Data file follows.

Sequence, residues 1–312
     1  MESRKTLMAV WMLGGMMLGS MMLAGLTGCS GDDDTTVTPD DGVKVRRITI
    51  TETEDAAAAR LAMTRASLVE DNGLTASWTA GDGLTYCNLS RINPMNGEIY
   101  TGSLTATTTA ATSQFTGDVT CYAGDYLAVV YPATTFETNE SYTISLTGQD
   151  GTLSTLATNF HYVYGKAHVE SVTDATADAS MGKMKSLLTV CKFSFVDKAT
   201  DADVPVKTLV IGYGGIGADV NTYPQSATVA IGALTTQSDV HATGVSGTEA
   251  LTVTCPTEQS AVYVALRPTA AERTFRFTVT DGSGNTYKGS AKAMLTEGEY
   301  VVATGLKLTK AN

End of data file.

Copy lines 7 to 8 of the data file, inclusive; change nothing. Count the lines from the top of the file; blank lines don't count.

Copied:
   251  LTVTCPTEQS AVYVALRPTA AERTFRFTVT DGSGNTYKGS AKAMLTEGEY
   301  VVATGLKLTK AN